In my last post, I discussed five strategies, such as taking medication and seeing a therapist, that have helped me manage anxiety in the months since I was diagnosed with Generalized Anxiety Disorder (GAD). Today I have five additional tactics to share, this time focused on daily lifestyle modifications.
- Overhauling my sleep schedule. Thanks to a combination of evening classes, a heavy workload, and my natural night owl tendencies, I essentially morphed into a semi-nocturnal zombie during grad school. Based on my sleep habits in high school and college, though, I know that I typically feel my best when I go to bed and wake up on the earlier side. So this summer, I have made a concerted effort not only to get more sleep, but also to sleep during the hours when I seem to benefit from it the most. Though challenging, these changes have truly paid off. I find that when I’m well-rested, I’m better able to keep minor problems and inconveniences in perspective rather allowing them to overwhelm me and completely derail my day. When my mind is clear and focused, I can accomplish more in less time and approach challenges with greater patience and creativity. And by golly, when I don’t spend my entire day eagerly awaiting the moment I get to crawl back in bed, life is just a lot more fun.
- Restructuring my morning routine. Now that I’m waking up considerably earlier than before, my morning routine has gone from frantic to focused and from exhausting to energizing. Not surprisingly, having sufficient time to shower/get ready at a comfortable pace and eat an actual breakfast–sometimes even while sitting at an actual table–has helped to minimize a great deal of chaos. But even more importantly, building in a bit of “me” time to work on a writing project or other creative endeavor before the craziness of the day sets in has paid off immensely. Until recently, I thought that this idea sounded not only unrealistic but also totally indulgent–have fun before the sun rises? Start my day off with my want-to-do list rather than my have-to-do list? Ain’t nobody got time for that! But after listening to a series of podcasts about optimizing morning routines (by Jeff Sanders of The 5 AM Miracle), I realized that I could make time for these activities and that doing so could positively impact numerous areas of my life. When I indulge my creative side in the early hours, I actually look forward to getting out of bed, feel more energized throughout the day, and dread the challenging or unpleasant items on my to-do list a little bit less. And my anxiety, which is typically fueled by feeling overwhelmed and out of control, is greatly lessened by this daily dose of intention and self-care.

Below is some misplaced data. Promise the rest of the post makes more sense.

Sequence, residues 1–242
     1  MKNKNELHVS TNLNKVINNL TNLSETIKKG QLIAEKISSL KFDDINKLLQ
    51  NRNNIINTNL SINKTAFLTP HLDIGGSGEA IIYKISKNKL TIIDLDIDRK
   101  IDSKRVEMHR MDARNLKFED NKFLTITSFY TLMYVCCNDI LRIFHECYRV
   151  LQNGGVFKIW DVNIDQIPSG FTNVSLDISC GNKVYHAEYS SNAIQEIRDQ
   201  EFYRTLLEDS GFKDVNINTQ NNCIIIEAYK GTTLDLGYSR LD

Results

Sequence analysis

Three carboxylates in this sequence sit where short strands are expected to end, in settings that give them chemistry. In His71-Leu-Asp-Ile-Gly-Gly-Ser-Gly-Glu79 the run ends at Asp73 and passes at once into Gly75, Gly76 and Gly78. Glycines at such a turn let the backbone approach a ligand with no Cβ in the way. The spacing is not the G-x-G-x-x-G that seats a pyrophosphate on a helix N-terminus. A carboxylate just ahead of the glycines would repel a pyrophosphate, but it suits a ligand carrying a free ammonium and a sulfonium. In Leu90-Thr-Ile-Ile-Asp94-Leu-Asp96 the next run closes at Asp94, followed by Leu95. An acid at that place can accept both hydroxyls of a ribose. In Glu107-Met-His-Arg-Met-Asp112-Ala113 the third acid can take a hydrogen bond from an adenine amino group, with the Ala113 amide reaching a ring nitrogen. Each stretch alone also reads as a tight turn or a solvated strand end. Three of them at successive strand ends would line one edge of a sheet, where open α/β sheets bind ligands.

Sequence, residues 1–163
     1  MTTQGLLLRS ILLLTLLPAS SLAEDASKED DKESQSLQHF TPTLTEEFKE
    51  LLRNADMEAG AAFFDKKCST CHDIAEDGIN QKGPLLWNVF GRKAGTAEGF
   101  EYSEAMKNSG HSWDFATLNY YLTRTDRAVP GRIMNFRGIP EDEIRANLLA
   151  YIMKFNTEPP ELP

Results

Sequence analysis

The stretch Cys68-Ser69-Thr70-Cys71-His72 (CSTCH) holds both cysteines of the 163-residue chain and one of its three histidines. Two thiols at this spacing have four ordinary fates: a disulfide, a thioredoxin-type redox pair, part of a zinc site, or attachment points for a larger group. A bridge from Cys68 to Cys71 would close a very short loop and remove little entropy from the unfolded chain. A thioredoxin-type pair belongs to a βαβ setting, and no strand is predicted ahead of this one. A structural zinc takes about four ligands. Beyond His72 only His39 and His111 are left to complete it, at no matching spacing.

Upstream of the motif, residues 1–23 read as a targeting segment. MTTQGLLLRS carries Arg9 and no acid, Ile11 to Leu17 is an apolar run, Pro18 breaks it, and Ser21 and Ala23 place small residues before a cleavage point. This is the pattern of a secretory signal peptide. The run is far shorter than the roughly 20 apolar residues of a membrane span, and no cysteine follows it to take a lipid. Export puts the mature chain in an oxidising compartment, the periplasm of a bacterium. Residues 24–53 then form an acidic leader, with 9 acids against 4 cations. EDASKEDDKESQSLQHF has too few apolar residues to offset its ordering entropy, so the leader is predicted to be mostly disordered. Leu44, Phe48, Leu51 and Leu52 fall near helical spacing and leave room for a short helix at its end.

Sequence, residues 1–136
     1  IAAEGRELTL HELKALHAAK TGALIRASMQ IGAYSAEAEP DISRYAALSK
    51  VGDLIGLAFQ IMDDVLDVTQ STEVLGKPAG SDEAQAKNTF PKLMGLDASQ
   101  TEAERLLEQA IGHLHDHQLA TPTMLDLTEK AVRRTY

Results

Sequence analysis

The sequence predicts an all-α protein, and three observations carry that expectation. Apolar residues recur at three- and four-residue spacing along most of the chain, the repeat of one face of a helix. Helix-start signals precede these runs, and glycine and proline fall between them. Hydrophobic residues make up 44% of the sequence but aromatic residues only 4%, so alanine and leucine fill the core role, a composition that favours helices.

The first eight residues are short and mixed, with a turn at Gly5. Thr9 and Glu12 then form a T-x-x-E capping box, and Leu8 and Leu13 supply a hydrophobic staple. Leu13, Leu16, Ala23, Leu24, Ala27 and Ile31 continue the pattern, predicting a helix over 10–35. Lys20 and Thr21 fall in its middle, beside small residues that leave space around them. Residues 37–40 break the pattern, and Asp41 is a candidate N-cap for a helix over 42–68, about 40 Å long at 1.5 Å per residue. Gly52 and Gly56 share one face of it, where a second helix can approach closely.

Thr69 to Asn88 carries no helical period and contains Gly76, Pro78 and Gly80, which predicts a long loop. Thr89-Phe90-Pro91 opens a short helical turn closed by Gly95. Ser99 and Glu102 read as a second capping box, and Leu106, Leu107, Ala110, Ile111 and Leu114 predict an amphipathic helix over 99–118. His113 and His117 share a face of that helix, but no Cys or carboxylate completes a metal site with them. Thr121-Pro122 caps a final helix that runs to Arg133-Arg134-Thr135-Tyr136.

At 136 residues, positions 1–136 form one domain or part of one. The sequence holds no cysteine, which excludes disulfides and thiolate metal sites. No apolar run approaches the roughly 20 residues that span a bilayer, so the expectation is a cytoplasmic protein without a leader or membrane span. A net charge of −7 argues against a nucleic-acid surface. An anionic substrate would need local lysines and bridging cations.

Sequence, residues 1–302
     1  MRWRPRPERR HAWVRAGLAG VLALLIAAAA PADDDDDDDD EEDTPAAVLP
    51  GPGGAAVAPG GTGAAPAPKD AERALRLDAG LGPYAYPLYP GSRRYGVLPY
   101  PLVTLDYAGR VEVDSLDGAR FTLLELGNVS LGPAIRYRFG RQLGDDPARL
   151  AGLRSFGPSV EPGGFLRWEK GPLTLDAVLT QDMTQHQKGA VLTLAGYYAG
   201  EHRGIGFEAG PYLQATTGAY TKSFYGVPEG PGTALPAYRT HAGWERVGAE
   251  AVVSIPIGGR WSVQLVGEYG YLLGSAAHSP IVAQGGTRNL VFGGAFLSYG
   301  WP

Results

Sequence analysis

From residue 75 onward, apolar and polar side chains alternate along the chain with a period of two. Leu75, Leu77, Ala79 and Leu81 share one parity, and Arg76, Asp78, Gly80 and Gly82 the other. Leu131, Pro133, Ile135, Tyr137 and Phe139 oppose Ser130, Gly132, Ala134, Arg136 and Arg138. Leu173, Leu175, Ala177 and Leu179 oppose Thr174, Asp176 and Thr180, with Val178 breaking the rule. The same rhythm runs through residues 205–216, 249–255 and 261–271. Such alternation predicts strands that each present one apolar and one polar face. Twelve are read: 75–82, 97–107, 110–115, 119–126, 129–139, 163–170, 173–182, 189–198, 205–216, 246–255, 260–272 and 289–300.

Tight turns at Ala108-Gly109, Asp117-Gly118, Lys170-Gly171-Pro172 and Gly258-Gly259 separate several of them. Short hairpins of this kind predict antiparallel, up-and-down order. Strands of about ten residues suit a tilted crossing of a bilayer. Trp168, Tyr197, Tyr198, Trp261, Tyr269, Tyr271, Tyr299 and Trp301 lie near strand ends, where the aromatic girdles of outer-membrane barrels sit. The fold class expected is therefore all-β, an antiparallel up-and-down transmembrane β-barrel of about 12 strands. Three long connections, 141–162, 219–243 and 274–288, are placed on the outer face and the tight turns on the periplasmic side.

- Drinking less coffee. Y’all, y’all, y’all. Coffee is my spirit animal. I love the taste, the smell, the feeling of holding a warm mug in my hands, and the excitement of trying new varieties and exploring different cafes. So when I realized that my beloved beverage was causing me some problems (such as nasty withdrawal headaches if I didn’t have my usual fix), my feelings of betrayal were worthy of an Adele power ballad. Since the thought of trying to break a caffeine addiction amidst the craziness of school and work was far too daunting, I decided to wait until after graduation to do anything about it. And since I couldn’t bear the thought of giving up coffee entirely, I chose instead to cut back to one cup in the mornings. I eliminated my afternoon java by gradually transitioning from half caf to decaf to no coffee at all, and after surviving an initial rough patch (thank goodness for extra strength Tylenol!), I found that my energy levels and mood noticeably stabilized and my usual “after dinner” headache seemed to disappear. Perhaps one day I’ll decide to eliminate my morning cup as well, but for now, I plan to savor it with all my might.
- Practicing yoga on a regular basis. I started doing yoga in the 7th grade and continued practicing until I injured my shoulder during my junior year of college. The long, frustrating process of recovering from this incident has included surgery, several rounds of physical therapy, a boatload of rest, and even a semester of wheeling a bright green rolling book bag around campus and totally bringing sexy back. Then, several months ago, I was finally feeling strong enough to roll out my mat again and try a few poses. I experienced some stiffness in my shoulder but no pain, so I gradually began practicing more frequently and for longer periods of time. And oh, how good it feels to be back! The deep stretches help to relieve the tension that tends to accumulate in my neck and back when I’m anxious, and the emphasis on mindfulness helps me to focus on the present rather than letting my thoughts run away with worries and worst-case scenarios.
- Getting lost in a funny, heartwarming story. I’m not much of a TV watcher, but for some reason I took it upon myself to watch all seven seasons of Gilmore Girls on Netflix this summer. As I sit here in the post-finale slump, counting down the days until the revival series premieres in November, I can look back at all the ways in which the show has proven to be an unexpected blessing in my recovery process. Sometimes it simply provided a much-needed laugh or distraction from my problems, whereas other times it hit close to home and challenged me to see situations in my own life in a new light. But most of all, watching a cast of generally lovable and well-meaning characters navigate the challenges of life reminded me that it’s okay to be human. It’s okay to mess up, to have an “off” day (or to just take a day off), and to have doubts and questions even when you’re exactly where you’re supposed to be. (How’s that for a binge-watching justification?)
And that’s a wrap! As always, I’d love to hear from you, so please leave any questions or comments below!